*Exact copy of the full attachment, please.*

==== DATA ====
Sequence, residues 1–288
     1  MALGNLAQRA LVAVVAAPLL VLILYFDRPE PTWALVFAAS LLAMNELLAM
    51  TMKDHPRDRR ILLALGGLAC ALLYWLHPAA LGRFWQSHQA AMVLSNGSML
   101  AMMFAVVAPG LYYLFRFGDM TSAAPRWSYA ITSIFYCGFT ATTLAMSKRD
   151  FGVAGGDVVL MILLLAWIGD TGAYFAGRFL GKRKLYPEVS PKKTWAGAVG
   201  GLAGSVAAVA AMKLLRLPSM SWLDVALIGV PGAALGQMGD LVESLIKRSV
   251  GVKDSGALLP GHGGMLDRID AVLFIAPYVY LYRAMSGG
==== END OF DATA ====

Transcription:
Sequence, residues 1–288
     1  MALGNLAQRA LVAVVAAPLL VLILYFDRPE PTWALVFAAS LLAMNELLAM
    51  TMKDHPRDRR ILLALGGLAC ALLYWLHPAA LGRFWQSHQA AMVLSNGSML
   101  AMMFAVVAPG LYYLFRFGDM TSAAPRWSYA ITSIFYCGFT ATTLAMSKRD
   151  FGVAGGDVVL MILLLAWIGD TGAYFAGRFL GKRKLYPEVS PKKTWAGAVG
   201  GLAGSVAAVA AMKLLRLPSM SWLDVALIGV PGAALGQMGD LVESLIKRSV
   251  GVKDSGALLP GHGGMLDRID AVLFIAPYVY LYRAMSGG